The wild type human ligand binding domain of the retinoic acid receptor α (herein, RARα LBD) was amplified from the pSG-5 derivative plasmid (a gift of Wilson Miller, Lady Davis Institute for Medical Research) by use of the polymerase chain reaction. The 738-nucleotide fragment was cloned into plasmid pQE-30 (Qiagen) to produce pMF-1, a bacterial expression plasmid in which a His6 affinity tag is appended to the N-terminal end of the inserted open reading frame. The human RXRα LBD, comprising residues 201–462, was amplified from cDNA (Origene) and then cloned into expression plasmid pET-3a (Novagen), which does not encode an affinity tag. Substitutions corresponding to ATRA resistant mutations (M297L, L398P, I410T and M413T) were introduced into the RARα open reading frame of pMF-1 by use of the QuickChange™ oligonucleotide directed mutagenesis procedure (Stratagene), employing 30–39 nucleotide double stranded mutagenic primers. The RARα LBD protein was expressed in E. coli cells grown at 37° C to an OD600 of 0.6, followed by a four hour induction with 0.5 mM IPTG at 20° C. The LBD of RXRα was similarly expressed in E. coli and induced at 37° C. The recovery of stable and soluble RARα was enhanced by purification in the presence of RXR. Cell pellets derived from over-expression of the LBDs from RXRα and RARα were combined and purified by nickel-NTA affinity chromatography. The pellets were sonicated in Buffer A (500 mM NaCl, 20 mM Tris [pH 8.1], 10 mM β-mercaptoethanol, 5 mM imidazole), and then loaded and washed on a Ni-NTA column with Buffer B (Buffer A plus 20 mM imidazole). Bound RARα LBD was eluted by use of a 18–250 mM gradient in imidazole. Fractions containing LBD were identified by SDS-PAGE, pooled, dialyzed into storage buffer (Buffer A with no imidazole), and then concentrated. The Bradford method was used to determine protein concentrations of the final LBD preparations. Owing to the presence of only a single tryptophan, protein concentrations of the RARα LBD cannot be determined from the absorbance at 280 nm. The homogeneity of the RARα LBD in the final preparations was confirmed by N-terminal protein sequencing, performed by the University of Texas Medical Branch, Biomolecular Resource Facility, and MALDI-TOF mass spectrometry.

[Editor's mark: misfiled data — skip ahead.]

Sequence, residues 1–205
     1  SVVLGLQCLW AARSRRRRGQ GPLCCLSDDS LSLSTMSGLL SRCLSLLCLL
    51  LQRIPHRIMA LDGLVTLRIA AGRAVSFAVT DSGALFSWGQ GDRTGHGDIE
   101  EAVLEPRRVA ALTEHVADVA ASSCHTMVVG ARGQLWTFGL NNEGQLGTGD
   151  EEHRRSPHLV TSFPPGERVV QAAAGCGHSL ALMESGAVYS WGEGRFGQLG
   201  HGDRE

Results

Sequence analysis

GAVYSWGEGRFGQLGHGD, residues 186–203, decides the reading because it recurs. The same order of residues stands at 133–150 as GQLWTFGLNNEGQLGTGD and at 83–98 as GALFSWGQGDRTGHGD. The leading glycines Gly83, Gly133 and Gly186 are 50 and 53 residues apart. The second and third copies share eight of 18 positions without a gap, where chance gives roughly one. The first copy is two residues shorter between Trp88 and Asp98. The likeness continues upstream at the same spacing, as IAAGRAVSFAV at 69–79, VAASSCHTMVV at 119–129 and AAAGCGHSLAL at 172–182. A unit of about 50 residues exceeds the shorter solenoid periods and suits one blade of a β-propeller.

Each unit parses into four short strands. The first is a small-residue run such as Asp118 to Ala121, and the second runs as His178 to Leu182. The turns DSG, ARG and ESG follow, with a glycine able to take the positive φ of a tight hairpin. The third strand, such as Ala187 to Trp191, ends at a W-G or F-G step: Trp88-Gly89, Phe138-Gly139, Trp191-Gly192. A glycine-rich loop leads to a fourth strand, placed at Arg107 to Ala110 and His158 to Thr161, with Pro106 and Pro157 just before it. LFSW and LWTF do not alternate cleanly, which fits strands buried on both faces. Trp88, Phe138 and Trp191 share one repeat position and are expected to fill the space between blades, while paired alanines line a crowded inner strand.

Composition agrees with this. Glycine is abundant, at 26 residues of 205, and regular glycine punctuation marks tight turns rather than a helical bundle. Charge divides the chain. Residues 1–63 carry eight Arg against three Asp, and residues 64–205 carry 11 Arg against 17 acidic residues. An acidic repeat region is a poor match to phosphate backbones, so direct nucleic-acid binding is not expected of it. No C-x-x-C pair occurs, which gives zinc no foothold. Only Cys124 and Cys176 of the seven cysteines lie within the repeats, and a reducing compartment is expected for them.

Circular dichroism